Reviewed by: James Holland
Author: Gavin Mortimer
Publisher: Osprey
Price (RRP): £20


There have been a few excellent books about the Special Air Service in recent years, and particularly their exploits in the Second World War, not least by the author of this latest work in his earlier narrative, Stirling’s Men.

Presumably, this notable account put him in good odour with the special forces fraternity, because this new illustrated history is jam-packed with both superb photographs from the SAS regimental archives, many of which are being published for the first time, and also personal testimonies – some of which are by now well known, but others of which are considerably less so.

Importantly, Gavin Mortimer has clearly won the trust of many of those brilliant men who fought through north Africa, Italy and north-west Europe, and over the past 15 years,
has been rewarded with a number of interviews with survivors, recording their memories for posterity before it was too late.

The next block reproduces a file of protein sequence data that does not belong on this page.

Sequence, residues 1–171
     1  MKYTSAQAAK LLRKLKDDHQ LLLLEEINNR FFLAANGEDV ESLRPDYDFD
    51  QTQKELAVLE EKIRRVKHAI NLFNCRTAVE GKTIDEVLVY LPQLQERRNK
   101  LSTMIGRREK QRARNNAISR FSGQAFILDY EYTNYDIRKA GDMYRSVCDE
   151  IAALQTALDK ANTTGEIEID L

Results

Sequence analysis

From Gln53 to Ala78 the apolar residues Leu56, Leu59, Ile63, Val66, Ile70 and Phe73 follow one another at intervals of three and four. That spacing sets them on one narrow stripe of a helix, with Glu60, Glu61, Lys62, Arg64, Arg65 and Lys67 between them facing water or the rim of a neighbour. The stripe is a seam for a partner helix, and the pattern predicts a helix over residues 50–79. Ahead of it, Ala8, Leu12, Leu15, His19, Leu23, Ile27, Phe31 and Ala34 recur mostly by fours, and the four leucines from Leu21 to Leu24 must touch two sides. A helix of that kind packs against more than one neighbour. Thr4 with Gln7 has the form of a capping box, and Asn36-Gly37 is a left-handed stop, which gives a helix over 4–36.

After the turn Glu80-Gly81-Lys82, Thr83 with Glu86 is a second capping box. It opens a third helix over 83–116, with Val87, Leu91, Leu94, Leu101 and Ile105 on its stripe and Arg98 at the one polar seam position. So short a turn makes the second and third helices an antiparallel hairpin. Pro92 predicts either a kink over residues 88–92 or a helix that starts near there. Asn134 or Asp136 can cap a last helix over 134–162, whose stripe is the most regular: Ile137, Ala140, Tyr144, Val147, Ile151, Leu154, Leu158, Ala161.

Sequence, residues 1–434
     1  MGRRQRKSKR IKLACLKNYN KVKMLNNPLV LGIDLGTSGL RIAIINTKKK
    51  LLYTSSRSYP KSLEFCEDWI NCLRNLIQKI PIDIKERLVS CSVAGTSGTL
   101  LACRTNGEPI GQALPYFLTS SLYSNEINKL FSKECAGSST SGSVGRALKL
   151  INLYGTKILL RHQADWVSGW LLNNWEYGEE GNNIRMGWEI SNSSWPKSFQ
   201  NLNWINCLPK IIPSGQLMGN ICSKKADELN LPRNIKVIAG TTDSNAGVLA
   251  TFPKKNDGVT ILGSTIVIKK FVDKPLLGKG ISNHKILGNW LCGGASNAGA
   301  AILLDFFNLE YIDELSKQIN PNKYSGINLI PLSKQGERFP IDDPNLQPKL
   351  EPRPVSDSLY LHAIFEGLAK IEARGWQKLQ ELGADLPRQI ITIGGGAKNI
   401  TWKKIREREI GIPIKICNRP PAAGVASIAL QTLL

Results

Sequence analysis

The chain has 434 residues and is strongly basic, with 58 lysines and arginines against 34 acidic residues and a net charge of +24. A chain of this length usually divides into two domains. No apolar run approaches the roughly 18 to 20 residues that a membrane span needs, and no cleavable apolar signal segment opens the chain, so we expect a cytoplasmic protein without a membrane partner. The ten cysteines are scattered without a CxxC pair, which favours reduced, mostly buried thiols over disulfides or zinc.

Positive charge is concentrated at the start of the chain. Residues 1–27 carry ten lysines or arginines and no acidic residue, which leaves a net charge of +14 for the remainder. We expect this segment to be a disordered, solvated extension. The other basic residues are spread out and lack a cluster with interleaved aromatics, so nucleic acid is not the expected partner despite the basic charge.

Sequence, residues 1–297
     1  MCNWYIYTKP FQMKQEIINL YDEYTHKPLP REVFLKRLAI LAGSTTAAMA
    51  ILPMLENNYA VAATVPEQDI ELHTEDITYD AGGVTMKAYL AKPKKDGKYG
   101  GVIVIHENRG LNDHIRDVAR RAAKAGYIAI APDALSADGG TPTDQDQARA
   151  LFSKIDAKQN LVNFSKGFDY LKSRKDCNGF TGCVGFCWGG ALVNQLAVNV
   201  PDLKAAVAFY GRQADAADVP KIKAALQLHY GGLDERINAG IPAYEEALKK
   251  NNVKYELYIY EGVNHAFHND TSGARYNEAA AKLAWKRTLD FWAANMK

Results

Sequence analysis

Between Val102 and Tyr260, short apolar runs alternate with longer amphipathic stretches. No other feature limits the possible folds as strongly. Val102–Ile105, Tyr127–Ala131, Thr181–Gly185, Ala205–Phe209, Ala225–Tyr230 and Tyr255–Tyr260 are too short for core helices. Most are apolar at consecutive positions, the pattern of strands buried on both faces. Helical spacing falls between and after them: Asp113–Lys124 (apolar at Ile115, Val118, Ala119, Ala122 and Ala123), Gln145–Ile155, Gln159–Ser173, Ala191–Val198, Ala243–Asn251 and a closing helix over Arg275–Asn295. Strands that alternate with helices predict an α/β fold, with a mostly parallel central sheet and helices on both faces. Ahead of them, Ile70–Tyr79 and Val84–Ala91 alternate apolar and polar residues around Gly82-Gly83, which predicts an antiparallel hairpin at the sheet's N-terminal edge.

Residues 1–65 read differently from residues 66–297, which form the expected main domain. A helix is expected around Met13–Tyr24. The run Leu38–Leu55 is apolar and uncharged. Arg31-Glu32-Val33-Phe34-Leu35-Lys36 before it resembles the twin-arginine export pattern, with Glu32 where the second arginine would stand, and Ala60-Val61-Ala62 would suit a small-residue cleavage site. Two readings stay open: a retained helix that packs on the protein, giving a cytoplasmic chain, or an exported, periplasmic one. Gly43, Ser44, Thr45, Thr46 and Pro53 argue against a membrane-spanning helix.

The key to oral history is proper research around a subject’s memories, and this Mortimer has wisely done, and thoroughly so, producing a highly authoritative but also absorbing account.

Sensibly, he does not linger on their foundation and exploits in north Africa, for which the wartime SAS is still best known, and about which the most has already been written. Rather, he gives much weight to the expansion and development of the SAS and their wide participation in Europe, highlighting not only their numerous successes, but also the inter-battalion tensions and later shortcomings in training.

Recounted with breathless pace and very effective use of first-hand testimonies, and supported by a superb collection of photographs and documents, this is a fascinating and hugely enjoyable book. It should prove an important starting point for anyone wanting to learn about the early years of this legendary regiment.

James Holland is a historian and author. He recently presented a BBC Two Timewatch documentary on the Dambusters

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